Just Say No to Corks
By Kim Marcus, assistant managing editor
In the past few years, the cork industry has made a valiant effort to combat the notion that corks themselves are the cause of moldy or musty-tasting wines. Such spoilage, deservedly or not, is called "corkiness" and wine thus contaminated is known as being "corked" or "corky." On the high end, some in the wine industry estimate that corkiness can affect up to 8 percent of bottled wine, or one bottle out of every 12-bottle case.
In my own experience, the range is more like 2 to 3 percent of all wines that pass my lips. What isn't variable is the awful consequences it can have: even incipient corkiness can leave a wine with a dried-out taste and a stinky odor. In full-blown corkiness, the wine smells like ripened sweat clothes and tastes even worse. It is an utterly disgusting aroma that is truly unforgettable, and it doesn't play favorites: corkiness can affect a $5 bottle of mass-produced California white wine just as easily as a $400 bottle of Chateau Petrus (both of which I've had the misfortune of tasting).
Even if 1 percent of a wine's production is corky, the number of total bottles thus spoiled can be impressive. Take, for the sake of argument, the famous first-growth Bordeaux estate Chateau Lafite. In 1994, Lafite made nearly 19,000 cases of wine. If 1 percent of its wines are corky, that amounts to over 2,000 bottles from that vintage.
Where corkiness comes from is a matter of debate. Some claim it comes from the corks, whether naturally or as a byproduct of the manufacturing process by which the bark of the cork oak tree is transformed into a bottle closure. Others, usually in the minority, blame sloppy winemaking or dirty barrels that contaminate the wine before it's ever bottled.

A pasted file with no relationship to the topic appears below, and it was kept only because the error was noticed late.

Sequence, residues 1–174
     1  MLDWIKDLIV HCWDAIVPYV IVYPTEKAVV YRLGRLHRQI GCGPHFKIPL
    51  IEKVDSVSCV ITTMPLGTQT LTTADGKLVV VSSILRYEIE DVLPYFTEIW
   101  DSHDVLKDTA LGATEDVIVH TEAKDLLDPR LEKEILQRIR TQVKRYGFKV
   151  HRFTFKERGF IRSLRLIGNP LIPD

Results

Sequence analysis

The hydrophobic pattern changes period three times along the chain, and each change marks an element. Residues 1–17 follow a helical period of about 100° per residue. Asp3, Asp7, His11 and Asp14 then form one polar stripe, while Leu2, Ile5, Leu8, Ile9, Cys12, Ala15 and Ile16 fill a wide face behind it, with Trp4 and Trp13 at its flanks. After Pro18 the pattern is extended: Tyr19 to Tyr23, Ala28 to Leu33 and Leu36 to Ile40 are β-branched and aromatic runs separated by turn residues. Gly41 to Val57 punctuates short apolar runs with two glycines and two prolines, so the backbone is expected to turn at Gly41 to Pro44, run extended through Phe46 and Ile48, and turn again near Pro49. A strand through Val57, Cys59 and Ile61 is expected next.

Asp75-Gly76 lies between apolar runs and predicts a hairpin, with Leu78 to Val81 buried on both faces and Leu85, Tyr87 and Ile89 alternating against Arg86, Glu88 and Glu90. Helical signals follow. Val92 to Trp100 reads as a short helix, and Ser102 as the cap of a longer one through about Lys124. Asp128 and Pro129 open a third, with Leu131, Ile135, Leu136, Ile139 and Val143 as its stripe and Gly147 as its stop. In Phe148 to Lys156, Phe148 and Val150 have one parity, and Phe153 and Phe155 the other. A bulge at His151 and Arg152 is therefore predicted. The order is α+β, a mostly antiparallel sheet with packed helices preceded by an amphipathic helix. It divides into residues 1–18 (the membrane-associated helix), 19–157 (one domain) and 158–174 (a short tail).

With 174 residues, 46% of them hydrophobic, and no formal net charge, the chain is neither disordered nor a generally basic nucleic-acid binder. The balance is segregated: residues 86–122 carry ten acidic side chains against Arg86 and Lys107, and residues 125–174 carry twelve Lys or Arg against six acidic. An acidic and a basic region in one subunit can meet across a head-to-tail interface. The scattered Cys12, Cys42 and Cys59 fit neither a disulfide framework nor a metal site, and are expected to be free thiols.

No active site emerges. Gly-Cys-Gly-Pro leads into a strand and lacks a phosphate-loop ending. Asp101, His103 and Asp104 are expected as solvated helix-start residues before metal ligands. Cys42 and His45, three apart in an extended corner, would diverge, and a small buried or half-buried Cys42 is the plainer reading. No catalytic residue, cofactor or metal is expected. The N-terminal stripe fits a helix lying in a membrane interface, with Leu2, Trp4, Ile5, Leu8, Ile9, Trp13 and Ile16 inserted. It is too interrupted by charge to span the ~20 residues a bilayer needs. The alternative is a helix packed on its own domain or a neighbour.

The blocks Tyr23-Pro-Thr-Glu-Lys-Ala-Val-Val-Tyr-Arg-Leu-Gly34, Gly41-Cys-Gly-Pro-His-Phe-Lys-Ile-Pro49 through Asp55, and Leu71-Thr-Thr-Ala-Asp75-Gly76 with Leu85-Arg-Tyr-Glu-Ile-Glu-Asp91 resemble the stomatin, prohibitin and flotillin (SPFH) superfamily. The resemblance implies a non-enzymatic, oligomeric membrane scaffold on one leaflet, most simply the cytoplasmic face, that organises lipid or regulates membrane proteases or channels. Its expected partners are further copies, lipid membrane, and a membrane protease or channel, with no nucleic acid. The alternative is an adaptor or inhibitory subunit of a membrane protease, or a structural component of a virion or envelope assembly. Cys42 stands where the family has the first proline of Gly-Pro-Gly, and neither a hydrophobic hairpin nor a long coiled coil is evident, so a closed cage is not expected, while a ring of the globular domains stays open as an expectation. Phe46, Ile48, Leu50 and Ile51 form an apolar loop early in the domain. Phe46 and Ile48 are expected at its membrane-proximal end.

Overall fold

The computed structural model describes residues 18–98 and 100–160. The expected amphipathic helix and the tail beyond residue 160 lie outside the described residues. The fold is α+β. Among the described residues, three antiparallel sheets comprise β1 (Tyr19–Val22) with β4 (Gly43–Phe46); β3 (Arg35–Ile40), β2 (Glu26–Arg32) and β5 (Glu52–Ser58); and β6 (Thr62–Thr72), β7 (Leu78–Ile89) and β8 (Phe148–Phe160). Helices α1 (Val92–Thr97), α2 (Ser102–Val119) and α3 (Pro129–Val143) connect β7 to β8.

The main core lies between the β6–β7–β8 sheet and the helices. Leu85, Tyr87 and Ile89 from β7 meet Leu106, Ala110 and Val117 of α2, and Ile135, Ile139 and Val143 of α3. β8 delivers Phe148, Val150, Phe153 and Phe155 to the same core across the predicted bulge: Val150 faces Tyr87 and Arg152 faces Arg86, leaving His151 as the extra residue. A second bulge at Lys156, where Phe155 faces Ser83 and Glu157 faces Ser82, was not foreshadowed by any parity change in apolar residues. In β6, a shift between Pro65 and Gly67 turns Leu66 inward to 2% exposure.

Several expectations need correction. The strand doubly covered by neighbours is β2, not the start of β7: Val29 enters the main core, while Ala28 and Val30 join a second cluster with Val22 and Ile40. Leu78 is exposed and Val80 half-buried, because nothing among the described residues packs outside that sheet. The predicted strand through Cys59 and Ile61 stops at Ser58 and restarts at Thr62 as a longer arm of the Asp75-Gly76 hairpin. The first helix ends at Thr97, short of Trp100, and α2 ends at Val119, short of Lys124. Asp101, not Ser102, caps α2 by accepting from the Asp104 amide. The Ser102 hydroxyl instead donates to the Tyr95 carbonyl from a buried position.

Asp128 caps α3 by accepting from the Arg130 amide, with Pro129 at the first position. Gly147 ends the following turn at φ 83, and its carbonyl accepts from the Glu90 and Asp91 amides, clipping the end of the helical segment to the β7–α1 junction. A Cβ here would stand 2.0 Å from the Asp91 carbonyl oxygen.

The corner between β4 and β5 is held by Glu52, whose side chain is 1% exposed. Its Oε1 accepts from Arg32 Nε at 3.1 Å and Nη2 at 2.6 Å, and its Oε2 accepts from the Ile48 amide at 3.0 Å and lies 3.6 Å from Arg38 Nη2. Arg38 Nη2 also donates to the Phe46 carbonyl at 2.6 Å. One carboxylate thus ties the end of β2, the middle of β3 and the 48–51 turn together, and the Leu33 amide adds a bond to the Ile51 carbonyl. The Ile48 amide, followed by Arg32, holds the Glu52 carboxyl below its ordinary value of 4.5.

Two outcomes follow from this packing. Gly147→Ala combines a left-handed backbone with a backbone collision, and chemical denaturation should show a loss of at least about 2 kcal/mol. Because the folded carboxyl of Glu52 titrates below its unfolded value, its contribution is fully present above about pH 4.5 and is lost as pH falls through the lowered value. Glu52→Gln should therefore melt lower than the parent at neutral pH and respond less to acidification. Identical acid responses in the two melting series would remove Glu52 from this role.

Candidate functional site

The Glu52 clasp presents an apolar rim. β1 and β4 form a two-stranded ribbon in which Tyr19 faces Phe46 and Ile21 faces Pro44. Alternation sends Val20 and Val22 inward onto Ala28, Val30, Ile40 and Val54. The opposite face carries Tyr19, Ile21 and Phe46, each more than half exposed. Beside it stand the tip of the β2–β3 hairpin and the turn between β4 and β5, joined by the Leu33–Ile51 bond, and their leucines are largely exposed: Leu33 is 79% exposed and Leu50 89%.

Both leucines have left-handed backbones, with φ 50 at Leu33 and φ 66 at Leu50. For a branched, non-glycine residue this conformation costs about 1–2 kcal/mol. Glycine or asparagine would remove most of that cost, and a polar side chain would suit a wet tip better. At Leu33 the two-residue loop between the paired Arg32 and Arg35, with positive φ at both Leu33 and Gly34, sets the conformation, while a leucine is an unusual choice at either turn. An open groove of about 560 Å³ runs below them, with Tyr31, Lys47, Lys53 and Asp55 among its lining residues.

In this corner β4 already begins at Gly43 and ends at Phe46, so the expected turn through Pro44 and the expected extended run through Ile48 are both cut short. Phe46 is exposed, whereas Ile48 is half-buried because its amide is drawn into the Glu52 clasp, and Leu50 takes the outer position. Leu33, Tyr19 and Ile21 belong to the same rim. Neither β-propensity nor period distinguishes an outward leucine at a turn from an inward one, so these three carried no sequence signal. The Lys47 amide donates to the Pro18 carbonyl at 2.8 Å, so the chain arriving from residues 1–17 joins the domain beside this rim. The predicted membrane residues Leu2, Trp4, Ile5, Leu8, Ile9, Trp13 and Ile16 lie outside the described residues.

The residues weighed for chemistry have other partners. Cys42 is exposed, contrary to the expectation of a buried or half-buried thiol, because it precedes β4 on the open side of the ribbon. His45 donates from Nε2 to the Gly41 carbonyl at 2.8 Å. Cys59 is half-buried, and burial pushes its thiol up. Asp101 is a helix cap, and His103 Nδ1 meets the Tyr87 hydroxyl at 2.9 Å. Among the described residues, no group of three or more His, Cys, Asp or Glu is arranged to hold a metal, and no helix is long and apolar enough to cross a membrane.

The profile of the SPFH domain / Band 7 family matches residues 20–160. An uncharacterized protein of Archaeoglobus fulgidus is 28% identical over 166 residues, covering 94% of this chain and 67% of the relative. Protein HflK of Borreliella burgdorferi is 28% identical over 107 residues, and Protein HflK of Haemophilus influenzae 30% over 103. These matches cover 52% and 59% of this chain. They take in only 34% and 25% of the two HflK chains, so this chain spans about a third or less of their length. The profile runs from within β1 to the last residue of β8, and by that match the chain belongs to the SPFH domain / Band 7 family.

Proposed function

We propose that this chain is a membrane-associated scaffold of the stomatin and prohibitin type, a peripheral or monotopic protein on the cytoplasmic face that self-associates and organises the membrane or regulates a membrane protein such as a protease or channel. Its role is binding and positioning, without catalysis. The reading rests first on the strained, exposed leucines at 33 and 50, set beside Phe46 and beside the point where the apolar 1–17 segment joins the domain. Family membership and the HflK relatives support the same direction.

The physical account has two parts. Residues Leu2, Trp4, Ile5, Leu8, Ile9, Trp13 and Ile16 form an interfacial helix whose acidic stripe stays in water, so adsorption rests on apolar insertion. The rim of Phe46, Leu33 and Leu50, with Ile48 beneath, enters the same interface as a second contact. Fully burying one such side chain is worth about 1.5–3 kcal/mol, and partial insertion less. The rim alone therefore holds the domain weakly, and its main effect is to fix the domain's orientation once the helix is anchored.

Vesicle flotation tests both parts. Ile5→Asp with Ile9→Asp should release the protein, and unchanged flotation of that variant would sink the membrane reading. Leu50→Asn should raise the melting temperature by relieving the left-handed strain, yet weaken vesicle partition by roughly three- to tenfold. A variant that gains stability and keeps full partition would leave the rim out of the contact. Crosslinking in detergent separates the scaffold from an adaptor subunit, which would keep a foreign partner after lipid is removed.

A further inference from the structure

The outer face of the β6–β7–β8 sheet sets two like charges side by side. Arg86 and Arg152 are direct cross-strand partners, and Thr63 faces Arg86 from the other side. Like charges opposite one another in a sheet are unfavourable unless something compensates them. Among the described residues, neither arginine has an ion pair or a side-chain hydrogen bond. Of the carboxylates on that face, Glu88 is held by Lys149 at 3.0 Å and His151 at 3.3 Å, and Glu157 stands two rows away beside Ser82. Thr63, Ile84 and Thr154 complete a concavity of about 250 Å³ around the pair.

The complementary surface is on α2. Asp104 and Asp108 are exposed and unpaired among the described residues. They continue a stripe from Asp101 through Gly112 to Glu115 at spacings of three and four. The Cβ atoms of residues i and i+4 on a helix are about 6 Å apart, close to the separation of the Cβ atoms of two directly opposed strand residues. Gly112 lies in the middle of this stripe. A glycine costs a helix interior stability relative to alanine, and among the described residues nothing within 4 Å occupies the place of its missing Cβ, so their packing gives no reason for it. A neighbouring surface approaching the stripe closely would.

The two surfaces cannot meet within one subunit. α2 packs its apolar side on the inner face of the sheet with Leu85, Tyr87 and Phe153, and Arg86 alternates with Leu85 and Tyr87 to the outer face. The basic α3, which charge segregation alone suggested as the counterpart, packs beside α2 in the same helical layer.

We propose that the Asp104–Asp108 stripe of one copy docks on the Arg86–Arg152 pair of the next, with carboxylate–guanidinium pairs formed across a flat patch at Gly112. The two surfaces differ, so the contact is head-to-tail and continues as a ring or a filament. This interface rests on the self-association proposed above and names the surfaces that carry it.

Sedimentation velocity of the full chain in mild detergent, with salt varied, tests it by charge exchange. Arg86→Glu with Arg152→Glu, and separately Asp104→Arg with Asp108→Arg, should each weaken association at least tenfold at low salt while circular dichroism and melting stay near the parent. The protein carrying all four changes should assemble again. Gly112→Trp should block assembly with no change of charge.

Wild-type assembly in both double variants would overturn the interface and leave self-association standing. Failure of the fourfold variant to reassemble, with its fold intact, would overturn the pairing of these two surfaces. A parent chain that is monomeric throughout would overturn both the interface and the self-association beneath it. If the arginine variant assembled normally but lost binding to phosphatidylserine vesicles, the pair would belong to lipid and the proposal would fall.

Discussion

All I know is that I've tasted corky wines made by the most technologically sophisticated vintners as well as the most rustic. Even if only to 1 to 2 percent of wine is classified as corky, and that's what 53 percent of you told us in a recent weekly poll about the wine you drink, that still seems way too much. (It can get worse: in the same poll, 17.6 percent said 2 to 5 percent of wine they had was corky). I can't think of any other consumer product that can get away with a two percent failure rate: a few bad apples some years back almost devastated the Washington apple farmers, while single bad batches of various food products can result in nationwide recalls. True, the rate of corked wines seems to have dropped over the last decade, but what do you think Anheuser-Busch would do if it discovered that one beer bottle out of 50 was spoiled? Let's just say the production staff would suffer a serious turnover.
Granted, corkiness is not a health hazard. And granted, wine is a unique substance that is the product of dynamic chemical and biological processes. Yet there is no scientific reason to justify corks as the primary means for sealing wine bottles. Corks may have been fine in the 19th century when there were no rivals to its unique sealing properties, but not any more.
But what about corks letting wine age properly by allowing just a little air to pass through? Forget about it. Like many other old wives' tales, that notion should be relegated to the dustheap. Oxygen is the enemy of wine. It dulls its flavors, unnaturally ages it, and exposes it to all the pathogens of the outside world. The ultimate result of combining wine and oxygen is vinegar.